Kessen 2 Review

For PlayStation 2

Rating: Awesome
   I am sick and tired of console strategy games being dumbed down as if all
console owners are morons, and apparently Koei is sick of it as well.  
Kessen 2 is an extremely deep strategy game that will have you playing for 
well over a month before you've seen everything it has to offer.
   If you were expecting a simple re-hash, think again.  This is a 
completely different beast, starting with the fact that it abandons the 
traditional Koei strategy game formula of being an event-for-event 
recreation of real Chinese history.  Having a fictional plot instead of a 
historical presentation has opened up Koei to be as creative as they want 
to be.
   Koei could very well have failed with its newfound approach to telling a 
story, but instead it has come through with several consistently funny 
characters who provide more than a few laugh-out-loud moments throughout the
game.  At the same time, the story itself is credible enough that the main 
sequence of events from battle to battle would be entirely believable as a 
real war if I didn't already know that it's a fictional story line.
   Having a fictional game world has also allowed Koei to add new kinds of 
attacks that would be out of place in a game based on real events.  
Different generals have different amounts of spells allocated to them,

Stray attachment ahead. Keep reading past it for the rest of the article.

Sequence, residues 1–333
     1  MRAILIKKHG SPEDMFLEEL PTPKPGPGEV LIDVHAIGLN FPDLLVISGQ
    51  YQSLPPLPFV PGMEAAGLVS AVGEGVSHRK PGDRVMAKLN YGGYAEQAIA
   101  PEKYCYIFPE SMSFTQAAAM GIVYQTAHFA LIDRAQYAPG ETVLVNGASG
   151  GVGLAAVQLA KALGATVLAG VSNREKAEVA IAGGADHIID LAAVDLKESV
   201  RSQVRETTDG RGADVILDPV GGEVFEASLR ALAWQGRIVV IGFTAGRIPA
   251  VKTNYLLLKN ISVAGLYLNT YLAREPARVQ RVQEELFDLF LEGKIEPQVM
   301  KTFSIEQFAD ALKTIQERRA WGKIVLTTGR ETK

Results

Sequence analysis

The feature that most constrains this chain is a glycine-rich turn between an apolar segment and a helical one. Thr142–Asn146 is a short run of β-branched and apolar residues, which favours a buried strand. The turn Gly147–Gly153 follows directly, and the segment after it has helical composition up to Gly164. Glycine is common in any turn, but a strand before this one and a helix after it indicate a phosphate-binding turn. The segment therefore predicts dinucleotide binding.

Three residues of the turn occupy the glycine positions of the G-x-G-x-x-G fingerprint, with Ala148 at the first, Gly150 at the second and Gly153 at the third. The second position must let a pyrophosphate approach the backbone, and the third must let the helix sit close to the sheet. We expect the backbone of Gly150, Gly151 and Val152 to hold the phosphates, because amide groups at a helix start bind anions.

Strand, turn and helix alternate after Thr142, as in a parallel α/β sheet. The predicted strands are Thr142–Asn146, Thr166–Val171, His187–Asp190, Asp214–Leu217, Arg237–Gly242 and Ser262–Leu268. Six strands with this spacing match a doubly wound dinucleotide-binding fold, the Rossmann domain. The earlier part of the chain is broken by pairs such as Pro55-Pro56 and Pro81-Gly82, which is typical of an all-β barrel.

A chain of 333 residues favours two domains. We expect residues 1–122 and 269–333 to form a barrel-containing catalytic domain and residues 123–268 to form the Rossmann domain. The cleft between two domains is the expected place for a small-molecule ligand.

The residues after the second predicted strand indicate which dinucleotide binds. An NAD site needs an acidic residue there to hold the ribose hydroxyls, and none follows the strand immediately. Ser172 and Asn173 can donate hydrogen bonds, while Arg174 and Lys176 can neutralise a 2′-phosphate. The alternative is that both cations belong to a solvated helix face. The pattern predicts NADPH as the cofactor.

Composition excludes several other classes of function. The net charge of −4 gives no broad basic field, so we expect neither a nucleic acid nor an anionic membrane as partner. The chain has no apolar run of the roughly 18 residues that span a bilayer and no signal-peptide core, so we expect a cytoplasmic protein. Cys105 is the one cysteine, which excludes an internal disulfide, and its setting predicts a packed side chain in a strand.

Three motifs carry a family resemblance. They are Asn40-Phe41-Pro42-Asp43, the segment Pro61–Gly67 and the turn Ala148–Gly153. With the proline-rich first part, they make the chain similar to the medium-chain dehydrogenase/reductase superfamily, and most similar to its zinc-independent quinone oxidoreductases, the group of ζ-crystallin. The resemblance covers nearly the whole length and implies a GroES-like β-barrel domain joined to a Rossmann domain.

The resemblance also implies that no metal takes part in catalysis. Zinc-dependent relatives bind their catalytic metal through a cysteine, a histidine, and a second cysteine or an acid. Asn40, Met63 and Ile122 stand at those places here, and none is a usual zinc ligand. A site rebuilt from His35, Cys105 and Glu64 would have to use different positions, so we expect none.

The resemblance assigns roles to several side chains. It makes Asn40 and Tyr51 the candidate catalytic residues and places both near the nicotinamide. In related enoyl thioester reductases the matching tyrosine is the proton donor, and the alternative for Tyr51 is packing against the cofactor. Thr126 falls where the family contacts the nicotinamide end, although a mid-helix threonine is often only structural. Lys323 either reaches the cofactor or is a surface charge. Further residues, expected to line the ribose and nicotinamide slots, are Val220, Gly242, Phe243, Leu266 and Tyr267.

including fire storms, lightning bolts, meteor showers, tornados, and hail 
storms.  While the spells add to the flash of the game and will probably 
help it appeal to a larger audience, the obvious downside is that it they 
take away from the game's realism and make it feel more artificial.
   The biggest difference between Kessen 1 and 2 is that while the original 
game was slightly too short and far too easy, the sequel has ramped up 
dramatically in both of these areas.  No longer will your units win by 
default unless you manage to screw up in a bad way.  Instead, they lose by 
default unless you have a strategy up your sleeve that can turn the tide of 
the battle.  There are still two unique campaigns in the game, and both of 
them are longer than the entire original game with both of its campaigns 
combined.
   Since you can no longer fire cannonballs or other weapons across the 
battlefield to hit enemies that are not currently engaged in a direct 
conflict, the bulk of the strategy this time around comes from getting into 
strategic positions before engaging the enemy.  The general who runs blindly
into combat will surely lose, and surprisingly often so will the general who
follows the CPU's default battle plans.  The best players will pick their 
spots, wait for an opportunity, and then come down on the enemy like a hawk,
surrounding it from as many sides as possible and ideally making it virtually
helpless.
   Defeating an enemy unit is not accomplished by killing everyone in sight,
but by dropping the unit's morale to zero (although the two sometimes go 
hand in hand).  The added emphasis on troop morale makes it quite possible 
to drasically out-number the enemy and still find yourself getting your ass 
whipped (or vice-versa). 
   In my time with Kessen 2, I have seen units of 5,000 and even 10,000 
troops surrender because I slowly demoralized them until their morale hit